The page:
North Korea has moved warplanes and bolstered defences along its east coast in an apparent delayed response after American warplanes flew close to the area at the weekend, according to the South's intelligence agency.
Saturday night's show of force by US B1-B bombers and fighter jets did not elicit an immediate response from the North as the regime's radars failed to detect the flights, the agency told a parliamentary intelligence committee yesterday.
Mr Lee Cheol Woo, head of the committee, told reporters North Korea "took no action" even though the warplanes flew the closest to the Korean peninsula that they had ever done. This sparked speculation that a power shortage could have rendered the radars useless.
The move triggered a tirade from North Korean Foreign Minister Ri Yong Ho, who on Monday accused US President Donald Trump of declaring war, and threatened to shoot down US planes "even if they do not breach our airspace".
Apart from strengthening defences, the North ordered its military to "report first" before taking any action, and to be cautious not to trigger any accidental clashes along the border, said Mr Lee, citing the agency.
Political commentator David Lee told The Straits Times that the North's aircraft were redeployed to the east because "US forces cannot infiltrate North Korea from the west as there is a danger of violating China's airspace".
Concerns that a military conflict could erupt on the Korean peninsula have grown since Mr Trump and North Korean leader Kim Jong Un engaged in a bellicose war of words and threatened to destroy each other's country.
Mr Trump's warning on Sunday that North Korea "won't be around much longer" led Mr Ri to accuse the US of declaring war and insist his country had "the right to shoot down US bombers" even if they were outside the North's airspace. The White House dismissed Mr Ri's accusations as "absurd".
CALL FOR TALKS
The door to dialogue is always open if North Korea stops making reckless choices.
SOUTH KOREAN PRESIDENT MOON JAE IN
South Korean officials, playing down security concerns, gave the assurance yesterday that next year's Winter Olympics in Pyeongchang would be safe. This came after countries like France and Austria raised the possibility that they would not be sending their athletes to the Games in February.
South Korean President Moon Jae In yesterday urged the North to resume military talks with the South so as to ease tensions.
Mr Moon, who is scheduled to meet the leaders of various political parties today to discuss the country's security challenges, added: "The door to dialogue is always open if North Korea stops making reckless choices."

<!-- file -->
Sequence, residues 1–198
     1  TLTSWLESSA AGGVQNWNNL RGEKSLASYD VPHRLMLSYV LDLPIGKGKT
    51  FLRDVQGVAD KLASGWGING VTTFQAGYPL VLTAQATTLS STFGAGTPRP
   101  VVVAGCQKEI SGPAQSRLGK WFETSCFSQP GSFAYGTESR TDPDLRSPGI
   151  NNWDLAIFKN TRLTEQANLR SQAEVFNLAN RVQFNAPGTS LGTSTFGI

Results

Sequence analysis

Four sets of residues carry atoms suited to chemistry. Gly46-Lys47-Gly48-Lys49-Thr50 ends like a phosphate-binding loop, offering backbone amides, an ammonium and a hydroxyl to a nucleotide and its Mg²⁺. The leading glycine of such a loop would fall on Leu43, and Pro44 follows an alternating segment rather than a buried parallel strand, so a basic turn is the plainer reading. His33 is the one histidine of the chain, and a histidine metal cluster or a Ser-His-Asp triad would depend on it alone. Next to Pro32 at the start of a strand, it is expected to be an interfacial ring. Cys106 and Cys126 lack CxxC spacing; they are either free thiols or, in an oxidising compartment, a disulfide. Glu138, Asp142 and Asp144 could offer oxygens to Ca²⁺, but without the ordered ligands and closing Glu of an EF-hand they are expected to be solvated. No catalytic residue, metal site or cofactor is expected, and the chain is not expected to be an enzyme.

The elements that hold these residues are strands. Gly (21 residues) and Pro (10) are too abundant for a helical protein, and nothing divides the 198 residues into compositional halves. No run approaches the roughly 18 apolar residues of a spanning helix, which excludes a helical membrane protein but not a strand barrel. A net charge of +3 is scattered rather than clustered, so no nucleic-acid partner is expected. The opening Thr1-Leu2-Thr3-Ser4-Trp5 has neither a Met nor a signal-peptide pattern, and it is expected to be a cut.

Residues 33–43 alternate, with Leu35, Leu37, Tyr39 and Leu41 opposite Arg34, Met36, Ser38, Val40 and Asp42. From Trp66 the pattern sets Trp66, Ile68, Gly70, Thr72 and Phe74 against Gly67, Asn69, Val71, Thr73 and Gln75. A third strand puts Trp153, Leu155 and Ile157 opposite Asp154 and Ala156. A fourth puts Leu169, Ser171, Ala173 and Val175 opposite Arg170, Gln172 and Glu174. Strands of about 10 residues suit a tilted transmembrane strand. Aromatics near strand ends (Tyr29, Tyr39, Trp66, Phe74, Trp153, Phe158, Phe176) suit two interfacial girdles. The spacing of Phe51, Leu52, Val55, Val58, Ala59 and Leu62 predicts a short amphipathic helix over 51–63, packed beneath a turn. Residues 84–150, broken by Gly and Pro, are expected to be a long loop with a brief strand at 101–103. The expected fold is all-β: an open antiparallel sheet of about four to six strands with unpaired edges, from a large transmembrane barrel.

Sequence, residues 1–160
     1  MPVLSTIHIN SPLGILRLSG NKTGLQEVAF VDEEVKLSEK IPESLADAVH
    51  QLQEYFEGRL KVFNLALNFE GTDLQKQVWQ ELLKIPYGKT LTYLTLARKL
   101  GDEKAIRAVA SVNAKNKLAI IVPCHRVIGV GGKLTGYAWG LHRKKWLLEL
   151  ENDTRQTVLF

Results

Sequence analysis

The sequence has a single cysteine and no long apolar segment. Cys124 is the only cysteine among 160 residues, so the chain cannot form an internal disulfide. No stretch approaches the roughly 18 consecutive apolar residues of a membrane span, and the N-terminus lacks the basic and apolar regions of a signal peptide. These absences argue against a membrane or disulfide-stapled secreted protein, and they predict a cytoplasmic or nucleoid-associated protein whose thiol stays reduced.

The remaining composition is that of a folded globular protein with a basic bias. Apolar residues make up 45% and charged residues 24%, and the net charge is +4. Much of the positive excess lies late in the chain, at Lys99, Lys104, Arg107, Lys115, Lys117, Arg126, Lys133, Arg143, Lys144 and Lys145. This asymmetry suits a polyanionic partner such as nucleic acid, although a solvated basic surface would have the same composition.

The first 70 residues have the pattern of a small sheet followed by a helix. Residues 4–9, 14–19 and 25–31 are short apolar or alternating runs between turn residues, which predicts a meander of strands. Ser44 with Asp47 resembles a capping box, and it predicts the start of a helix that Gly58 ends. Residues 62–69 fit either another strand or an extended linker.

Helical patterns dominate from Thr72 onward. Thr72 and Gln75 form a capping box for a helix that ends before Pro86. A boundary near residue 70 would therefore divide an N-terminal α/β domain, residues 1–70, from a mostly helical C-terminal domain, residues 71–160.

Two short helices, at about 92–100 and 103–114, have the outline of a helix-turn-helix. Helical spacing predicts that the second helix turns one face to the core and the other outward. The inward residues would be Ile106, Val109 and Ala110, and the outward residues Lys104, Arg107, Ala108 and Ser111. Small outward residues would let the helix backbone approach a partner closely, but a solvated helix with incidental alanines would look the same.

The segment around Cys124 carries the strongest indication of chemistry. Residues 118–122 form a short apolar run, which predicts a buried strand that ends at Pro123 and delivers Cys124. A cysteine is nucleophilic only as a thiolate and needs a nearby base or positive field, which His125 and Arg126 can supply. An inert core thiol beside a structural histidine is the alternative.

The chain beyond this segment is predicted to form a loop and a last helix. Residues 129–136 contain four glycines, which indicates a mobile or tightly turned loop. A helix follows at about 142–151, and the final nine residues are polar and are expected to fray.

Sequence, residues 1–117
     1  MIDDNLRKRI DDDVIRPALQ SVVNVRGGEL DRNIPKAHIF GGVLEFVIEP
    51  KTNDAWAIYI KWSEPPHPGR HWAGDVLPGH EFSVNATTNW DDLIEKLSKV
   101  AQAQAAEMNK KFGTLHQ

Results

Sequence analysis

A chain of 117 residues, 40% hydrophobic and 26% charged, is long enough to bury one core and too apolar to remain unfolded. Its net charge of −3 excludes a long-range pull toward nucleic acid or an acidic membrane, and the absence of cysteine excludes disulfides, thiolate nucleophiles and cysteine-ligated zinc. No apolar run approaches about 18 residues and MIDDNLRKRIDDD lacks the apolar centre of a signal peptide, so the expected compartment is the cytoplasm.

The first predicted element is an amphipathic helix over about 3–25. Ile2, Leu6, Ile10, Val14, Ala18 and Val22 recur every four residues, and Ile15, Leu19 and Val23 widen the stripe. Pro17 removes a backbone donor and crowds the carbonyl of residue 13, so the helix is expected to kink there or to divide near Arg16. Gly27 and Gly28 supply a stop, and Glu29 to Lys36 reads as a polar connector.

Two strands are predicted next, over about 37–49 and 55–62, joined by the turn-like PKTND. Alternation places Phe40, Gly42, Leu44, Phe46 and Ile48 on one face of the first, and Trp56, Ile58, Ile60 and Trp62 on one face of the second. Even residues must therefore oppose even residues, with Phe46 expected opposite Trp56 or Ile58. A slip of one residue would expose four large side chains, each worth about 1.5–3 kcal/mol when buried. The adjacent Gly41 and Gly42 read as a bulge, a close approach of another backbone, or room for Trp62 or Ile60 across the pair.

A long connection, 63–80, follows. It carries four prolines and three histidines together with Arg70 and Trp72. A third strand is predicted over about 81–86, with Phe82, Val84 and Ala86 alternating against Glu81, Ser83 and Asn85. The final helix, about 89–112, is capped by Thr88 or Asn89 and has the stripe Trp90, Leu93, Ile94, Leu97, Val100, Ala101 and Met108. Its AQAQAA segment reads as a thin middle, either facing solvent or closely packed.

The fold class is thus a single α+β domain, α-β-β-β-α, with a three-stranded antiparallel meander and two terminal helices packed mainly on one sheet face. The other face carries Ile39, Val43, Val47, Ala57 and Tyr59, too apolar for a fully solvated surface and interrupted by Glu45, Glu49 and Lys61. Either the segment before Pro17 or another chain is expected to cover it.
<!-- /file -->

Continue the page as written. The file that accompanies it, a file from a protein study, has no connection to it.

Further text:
China and Russia, two of North Korea's biggest allies, also called for restraint.
Beijing warned that there would be no winners in a conflict, while Moscow reminded all about the "catastrophic consequences".
Military analysts, referring to North Korea's threat to take down US warplanes in international airspace, said the Kim regime has the missile wherewithal to back up its warning.
Its weapon is the KN-06, a domestically developed surface-to-air missile system that was first seen in a military parade in 2010.
Security scholars estimate that the KN-06 has a range of about 145km, The Wall Street Journal reported yesterday.
"Clearly these missiles can fly out into international airspace off the east coast of the peninsula, although it must be pointed out that patrolling in international airspace is not a breach of any laws," said Mr Lance Gatling, a defence analyst and president of Tokyo-based Nexial Research, the London Telegraph reported yesterday.
"Firing a missile at a target in international airspace is an act of war, and would be treated as such," Mr Gatling added.
North Korea has fired at American aircraft in the past.
In 1981, it fired a missile at a US reconnaissance plane flying near the inter-Korean border, but missed.
A US helicopter was downed in 1994, killing one of the pilots, after it crossed into North Korean airspace.
"Considering past history, the US has to take the threat of an interception very seriously," said Dr Daniel Pinkston, a North Korea expert at Troy University in Seoul.